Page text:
Avinyó Vi D’Agulla 2006 $12.99 The Avinyó Cava that we carry (the traditional Brut Reserva As well as the new Brut Rosado) is always top notch. This small winery also produces a traditional summer wine called Vi D’Agulla (translates literally as ‘needle wine’). This lightly effervescent white wine made from Petit Grain Muscat is floral and aromatic like a Moscatel, but only gently sweet. The light bubbles lift the scent and give the wine a lively, fresh character. The prickly effervescence is what gives the wine its name. Serve Vi D’Agulla as a welcoming cocktail to your dinner guests and watch the smiles spread with each sip.

Barbadillo Palomino Fino 2006 $6.99 It’s back! The most popular white wine in Spain has returned in the new vintage. Made from the local Palomino Fino grapes, blended with a bit of Viura so I’m told, this young white wine from Cadiz in the south of Spain is refreshingly simple and bright. Add some melon and citrus and you have the makings of an excellent Sangria blanco.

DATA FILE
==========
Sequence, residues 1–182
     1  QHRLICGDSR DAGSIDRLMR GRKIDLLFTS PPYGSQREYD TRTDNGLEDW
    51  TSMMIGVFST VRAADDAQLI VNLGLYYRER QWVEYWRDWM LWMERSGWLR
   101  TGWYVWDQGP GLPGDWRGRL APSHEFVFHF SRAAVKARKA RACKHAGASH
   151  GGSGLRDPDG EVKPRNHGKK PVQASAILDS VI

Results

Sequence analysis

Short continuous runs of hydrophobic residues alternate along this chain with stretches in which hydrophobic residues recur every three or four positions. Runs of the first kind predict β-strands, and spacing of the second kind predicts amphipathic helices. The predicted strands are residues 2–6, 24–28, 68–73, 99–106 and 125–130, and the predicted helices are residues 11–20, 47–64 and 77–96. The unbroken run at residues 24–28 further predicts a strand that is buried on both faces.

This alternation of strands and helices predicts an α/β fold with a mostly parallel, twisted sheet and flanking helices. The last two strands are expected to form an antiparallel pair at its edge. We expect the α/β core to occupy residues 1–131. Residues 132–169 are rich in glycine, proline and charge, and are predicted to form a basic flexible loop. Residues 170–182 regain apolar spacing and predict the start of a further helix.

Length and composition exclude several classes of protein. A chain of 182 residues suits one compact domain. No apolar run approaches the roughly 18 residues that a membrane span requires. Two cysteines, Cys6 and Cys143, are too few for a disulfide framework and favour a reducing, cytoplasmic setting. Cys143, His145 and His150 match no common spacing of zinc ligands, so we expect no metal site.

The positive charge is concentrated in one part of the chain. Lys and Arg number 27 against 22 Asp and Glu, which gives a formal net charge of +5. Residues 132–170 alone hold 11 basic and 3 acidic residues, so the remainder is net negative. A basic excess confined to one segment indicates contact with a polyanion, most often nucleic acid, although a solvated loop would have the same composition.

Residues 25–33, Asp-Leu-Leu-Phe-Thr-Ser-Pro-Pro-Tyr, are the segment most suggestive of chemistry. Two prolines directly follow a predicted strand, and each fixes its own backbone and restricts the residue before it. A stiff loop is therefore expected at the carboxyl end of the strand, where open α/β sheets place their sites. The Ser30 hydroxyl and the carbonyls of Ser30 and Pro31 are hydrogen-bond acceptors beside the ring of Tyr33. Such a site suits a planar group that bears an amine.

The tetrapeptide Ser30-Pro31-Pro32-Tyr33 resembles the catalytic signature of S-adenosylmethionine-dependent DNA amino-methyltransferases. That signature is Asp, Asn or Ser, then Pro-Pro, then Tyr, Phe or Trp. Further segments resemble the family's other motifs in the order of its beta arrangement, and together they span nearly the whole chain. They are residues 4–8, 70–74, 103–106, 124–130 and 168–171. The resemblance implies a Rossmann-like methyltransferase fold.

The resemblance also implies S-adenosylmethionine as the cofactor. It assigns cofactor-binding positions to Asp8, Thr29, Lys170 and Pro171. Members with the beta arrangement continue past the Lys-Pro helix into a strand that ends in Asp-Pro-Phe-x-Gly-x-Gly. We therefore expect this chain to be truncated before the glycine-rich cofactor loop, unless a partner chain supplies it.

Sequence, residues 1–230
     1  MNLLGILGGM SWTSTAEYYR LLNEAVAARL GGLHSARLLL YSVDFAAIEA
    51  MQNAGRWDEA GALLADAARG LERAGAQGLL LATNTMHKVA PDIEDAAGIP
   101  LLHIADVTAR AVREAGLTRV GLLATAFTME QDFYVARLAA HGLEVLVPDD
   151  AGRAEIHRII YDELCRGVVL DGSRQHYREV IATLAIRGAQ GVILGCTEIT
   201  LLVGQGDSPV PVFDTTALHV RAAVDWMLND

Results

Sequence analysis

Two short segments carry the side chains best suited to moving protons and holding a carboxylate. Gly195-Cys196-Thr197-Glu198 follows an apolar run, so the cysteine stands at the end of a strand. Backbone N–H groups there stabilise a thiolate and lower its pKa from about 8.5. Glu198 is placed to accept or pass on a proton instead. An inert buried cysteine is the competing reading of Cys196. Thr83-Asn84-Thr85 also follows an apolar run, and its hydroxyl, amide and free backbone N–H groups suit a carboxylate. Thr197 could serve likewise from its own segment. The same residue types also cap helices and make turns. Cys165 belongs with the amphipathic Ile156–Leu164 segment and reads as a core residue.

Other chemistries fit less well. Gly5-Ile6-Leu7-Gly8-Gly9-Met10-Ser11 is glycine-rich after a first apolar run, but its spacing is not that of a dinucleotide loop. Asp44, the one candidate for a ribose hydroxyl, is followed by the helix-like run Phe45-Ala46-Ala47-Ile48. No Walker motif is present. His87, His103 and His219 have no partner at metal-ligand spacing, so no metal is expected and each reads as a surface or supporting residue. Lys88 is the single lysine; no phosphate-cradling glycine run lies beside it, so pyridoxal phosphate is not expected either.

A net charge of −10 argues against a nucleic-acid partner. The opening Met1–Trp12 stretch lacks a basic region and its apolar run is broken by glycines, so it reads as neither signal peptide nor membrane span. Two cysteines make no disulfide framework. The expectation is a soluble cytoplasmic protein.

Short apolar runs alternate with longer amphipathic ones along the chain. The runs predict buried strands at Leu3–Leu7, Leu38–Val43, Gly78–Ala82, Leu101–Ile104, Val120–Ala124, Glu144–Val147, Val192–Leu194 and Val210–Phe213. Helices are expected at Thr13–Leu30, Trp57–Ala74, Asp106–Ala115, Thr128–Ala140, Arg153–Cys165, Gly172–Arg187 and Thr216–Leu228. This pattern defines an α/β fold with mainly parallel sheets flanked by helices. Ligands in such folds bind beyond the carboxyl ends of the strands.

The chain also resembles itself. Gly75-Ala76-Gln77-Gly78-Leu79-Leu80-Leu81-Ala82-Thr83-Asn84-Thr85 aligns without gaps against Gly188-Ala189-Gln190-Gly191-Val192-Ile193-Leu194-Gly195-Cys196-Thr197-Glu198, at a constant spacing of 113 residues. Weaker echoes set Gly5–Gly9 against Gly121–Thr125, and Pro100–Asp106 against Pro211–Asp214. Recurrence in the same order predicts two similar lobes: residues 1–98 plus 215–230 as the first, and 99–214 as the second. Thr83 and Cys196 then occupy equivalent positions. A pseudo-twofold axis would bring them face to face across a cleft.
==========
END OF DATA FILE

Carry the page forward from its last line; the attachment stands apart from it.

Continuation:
Sur de los Andes Torrontés 2006 $11.99 For an Argentine version of Sangria blanco, try using this ripe, Viognier-like white wine from Mendoza. Rich, floral aromatics and peachy fruit character call out for some stone fruit and sparkling tonic water.

Granbazan Ambar 2005 $21.99 This excellent top shelf Albariño displays a flinty mineral foundation underlying bright citrus fruit and slightly oxidized complexity. Very popular in Spain, but almost unheard of in the USA.

Rosado:

Artazuri Rosado 2006 $12.99 The newly arrived 2006 vintage of this dry rosado is made from 100% Garnacha grapes grown in the high altitude vineyards of D.O. Navarra, the traditional home of Spanish rosado. This perennial customer favorite displays gentle fresh berry scent along with a bright citrus fruit character. The finely detailed aromas and flavors blend effortlessly in this excellent summertime wine.

Tinto: